Project riggers Carrie Glessner and Will Young have been here the last couple days making up the standing rigging. It’s quite the process, splicing rope and wire, whipping ends, and “serving” cable by wrapping it tightly with a combination of rags, twine, and pine tar. Much of the area underneath the pole barn where the work is taking place seems to be covered with pine tar, including the table with various snacks on it, and some of the snacks themselves. These guys are pretty serious and unfazed by a little surplus tar here and there.
Earlier on I mentioned the cordage would be hemp. My mistake. It’s manilla. Carrie and Will have very good judgement in matters rigging related and I tend to defer to their material choices. It’s funny, a visitor to the project questioned whether it was still possible to find riggers in the world today, saying such people no longer exist. But the disproof was just 20 feet from where we were having the conversation. Here they are! They exist!
I have been working with Jordan (Finkelstein) making up the mainmast the last few days. We started with a huge fir log so heavy two of us teamed up could not manage one end of it. We have cut down the original weight quite a lot but it is still a heavy piece, with a big square base that will fit into the tabernacle, or mast hinge. Yesterday I fitted the “hounds” which are pieces of wood that bridge the connection between the mainmast and the topmast. Combined the mainmast and topmast have a height of about 36 feet.
Ceres herself is sitting off to one side largely ignored for the moment. But since rolling her a week and a half ago we have installed decks and some of the cabin furniture, and are also well underway painting the belowdecks spaces. The deckhouses are in process too, so now it requires less imagination to imagine the finished product than it was a month or two ago. The decks have large cargo hatches, which will be sturdy enough to walk on when closed up. One priority is to have room to set up a big trestle table on deck for meals, and we can only do this with a structural, low-profile hatch. Most of the main deck is taken up by hatches.
Lots of pictures are soon to come, but I wanted to post a quick update first and add pictures later. At the rate we are progressing now it is not too hard to imagine that in 30 days or so there will not be much left to do. So, now I am off to go fetch some items of metalwork from Champlain Metals in Burlington. More soon!
For the time being, here is a graphic that we will be using for shirts. With the boat inked in white and the logo in black we can DIY print any color shirt except a white one or a black or very dark one. I hope to make these shirts available soon!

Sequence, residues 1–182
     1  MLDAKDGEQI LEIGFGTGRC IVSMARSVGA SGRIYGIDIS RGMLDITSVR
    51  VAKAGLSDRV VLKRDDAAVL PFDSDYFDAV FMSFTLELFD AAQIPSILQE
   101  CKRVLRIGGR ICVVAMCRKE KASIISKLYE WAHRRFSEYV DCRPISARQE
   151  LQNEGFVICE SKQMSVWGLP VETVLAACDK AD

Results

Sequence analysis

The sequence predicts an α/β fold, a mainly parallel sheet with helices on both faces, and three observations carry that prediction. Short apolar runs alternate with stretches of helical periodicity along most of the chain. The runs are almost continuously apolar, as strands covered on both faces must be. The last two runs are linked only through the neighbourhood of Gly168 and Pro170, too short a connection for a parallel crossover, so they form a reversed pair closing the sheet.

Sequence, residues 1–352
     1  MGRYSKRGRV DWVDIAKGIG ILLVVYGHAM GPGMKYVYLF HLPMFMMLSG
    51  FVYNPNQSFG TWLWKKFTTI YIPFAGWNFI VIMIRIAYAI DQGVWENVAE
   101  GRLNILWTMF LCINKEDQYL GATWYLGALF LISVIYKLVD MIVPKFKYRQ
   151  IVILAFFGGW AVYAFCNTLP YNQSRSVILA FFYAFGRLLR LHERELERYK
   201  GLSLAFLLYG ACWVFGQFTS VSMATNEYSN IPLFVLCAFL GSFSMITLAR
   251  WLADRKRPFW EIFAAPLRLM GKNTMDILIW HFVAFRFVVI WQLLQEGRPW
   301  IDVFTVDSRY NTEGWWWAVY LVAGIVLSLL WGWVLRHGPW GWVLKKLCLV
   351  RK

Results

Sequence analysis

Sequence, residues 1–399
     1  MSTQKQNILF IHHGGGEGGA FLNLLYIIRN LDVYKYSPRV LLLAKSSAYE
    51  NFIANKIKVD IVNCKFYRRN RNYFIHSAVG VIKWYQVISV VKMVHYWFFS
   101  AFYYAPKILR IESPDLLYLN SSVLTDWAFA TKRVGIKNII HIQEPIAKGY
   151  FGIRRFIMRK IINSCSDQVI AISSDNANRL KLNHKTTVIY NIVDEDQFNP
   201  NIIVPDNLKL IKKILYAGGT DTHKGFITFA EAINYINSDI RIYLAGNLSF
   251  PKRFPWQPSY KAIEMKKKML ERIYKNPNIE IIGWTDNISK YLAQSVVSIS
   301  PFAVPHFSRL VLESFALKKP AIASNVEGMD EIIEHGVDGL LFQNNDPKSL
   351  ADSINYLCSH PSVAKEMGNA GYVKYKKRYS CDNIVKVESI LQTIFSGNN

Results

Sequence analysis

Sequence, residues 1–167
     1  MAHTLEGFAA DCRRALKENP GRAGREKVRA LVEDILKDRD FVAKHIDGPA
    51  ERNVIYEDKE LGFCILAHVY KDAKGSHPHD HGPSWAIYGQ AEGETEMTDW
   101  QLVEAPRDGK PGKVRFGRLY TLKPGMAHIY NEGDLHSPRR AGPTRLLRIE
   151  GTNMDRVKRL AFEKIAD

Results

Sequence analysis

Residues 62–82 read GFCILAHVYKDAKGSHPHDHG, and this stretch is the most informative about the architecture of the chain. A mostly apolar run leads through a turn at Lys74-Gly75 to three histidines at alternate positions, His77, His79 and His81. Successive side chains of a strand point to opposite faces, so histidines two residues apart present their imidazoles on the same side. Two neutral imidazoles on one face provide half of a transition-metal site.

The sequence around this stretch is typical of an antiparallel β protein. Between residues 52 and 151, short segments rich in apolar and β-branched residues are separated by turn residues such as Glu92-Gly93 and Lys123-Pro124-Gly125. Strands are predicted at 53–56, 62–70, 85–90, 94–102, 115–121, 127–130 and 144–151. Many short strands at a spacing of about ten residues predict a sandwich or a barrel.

Fiberglass work on the underside of Ceres is now complete. We have also added a skeg and a shallow keel (about 4″ x 4″ in cross section) which has a steel shoe for grounding protection. After three coats of epoxy resin we marked out a waterline at 1’8″ above the chine, which gives a total displacement of 36000 lbs in fresh water. We intend to load her to 1’6″ draft but the extra couple inches of bottom paint will stand up better to splashing than the topside paint.
Both the bottom paint and the topside paint went on really easily onto the smooth surface. Some “triloboats” have been built without any fiberglass sheathing at all, but one builder suggested it was worth investing in fiberglass just for its merits for painting. Paint applied directly to plywood often cracks or peels due to the expansion of the veneer, but with a film of epoxy between the plywood and the paint there is a much more harmonious and stable bond. You can’t quite see your reflection in Ceres’ paint, but almost.
So, with little left to do in this upside-down position, we set about rolling her back upright. Last time we performed the roll with 40 volunteers, but this time we decided to go the mechanically-assisted route, and use tractors. Generally it went according to plan, and we have Ceres on her side right now. However the framework attached to the running gear, made out of engineered lumber I-joists, cracked as Ceres slid sideways off the running gear and will have to be replaced. I had been suspecting that that framework might not stand up well to repeated use launching, loading and hauling Ceres, so now we have good cause to upgrade it before subjecting it to real duty.
We’re making plans to attend New Amsterdam Farmers market on June 23rd. Hope to see some readers there! I have another full plate of appointments in the city laying the groundwork for the project, possibly not my last trip down and back before arriving by sail. That plus interesting meetings in Albany and Beacon with new potential partners should make it an interesting trip!